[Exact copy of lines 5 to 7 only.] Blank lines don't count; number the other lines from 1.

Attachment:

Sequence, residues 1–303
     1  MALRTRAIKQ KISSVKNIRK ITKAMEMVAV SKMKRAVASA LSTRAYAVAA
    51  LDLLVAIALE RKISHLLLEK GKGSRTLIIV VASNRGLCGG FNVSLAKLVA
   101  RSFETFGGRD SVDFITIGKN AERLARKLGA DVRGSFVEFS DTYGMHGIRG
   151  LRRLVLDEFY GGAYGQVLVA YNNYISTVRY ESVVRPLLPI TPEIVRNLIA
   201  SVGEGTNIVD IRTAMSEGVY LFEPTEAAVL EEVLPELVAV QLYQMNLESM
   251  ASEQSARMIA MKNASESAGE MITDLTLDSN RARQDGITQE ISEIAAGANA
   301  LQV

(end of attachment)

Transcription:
   151  LRRLVLDEFY GGAYGQVLVA YNNYISTVRY ESVVRPLLPI TPEIVRNLIA
   201  SVGEGTNIVD IRTAMSEGVY LFEPTEAAVL EEVLPELVAV QLYQMNLESM
   251  ASEQSARMIA MKNASESAGE MITDLTLDSN RARQDGITQE ISEIAAGANA